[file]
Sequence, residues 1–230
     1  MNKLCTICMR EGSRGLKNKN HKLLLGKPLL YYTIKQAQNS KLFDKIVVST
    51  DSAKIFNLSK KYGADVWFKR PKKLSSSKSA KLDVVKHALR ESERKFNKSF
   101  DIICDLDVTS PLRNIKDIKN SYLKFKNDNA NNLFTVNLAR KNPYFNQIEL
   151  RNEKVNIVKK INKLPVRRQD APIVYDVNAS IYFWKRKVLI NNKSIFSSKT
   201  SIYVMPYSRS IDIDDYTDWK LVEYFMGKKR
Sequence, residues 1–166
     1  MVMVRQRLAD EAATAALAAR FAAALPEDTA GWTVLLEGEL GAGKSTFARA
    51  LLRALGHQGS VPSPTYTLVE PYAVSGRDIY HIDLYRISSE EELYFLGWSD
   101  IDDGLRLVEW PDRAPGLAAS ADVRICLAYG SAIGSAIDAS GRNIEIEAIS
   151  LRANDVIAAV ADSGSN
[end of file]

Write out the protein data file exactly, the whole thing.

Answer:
Sequence, residues 1–230
     1  MNKLCTICMR EGSRGLKNKN HKLLLGKPLL YYTIKQAQNS KLFDKIVVST
    51  DSAKIFNLSK KYGADVWFKR PKKLSSSKSA KLDVVKHALR ESERKFNKSF
   101  DIICDLDVTS PLRNIKDIKN SYLKFKNDNA NNLFTVNLAR KNPYFNQIEL
   151  RNEKVNIVKK INKLPVRRQD APIVYDVNAS IYFWKRKVLI NNKSIFSSKT
   201  SIYVMPYSRS IDIDDYTDWK LVEYFMGKKR
Sequence, residues 1–166
     1  MVMVRQRLAD EAATAALAAR FAAALPEDTA GWTVLLEGEL GAGKSTFARA
    51  LLRALGHQGS VPSPTYTLVE PYAVSGRDIY HIDLYRISSE EELYFLGWSD
   101  IDDGLRLVEW PDRAPGLAAS ADVRICLAYG SAIGSAIDAS GRNIEIEAIS
   151  LRANDVIAAV ADSGSN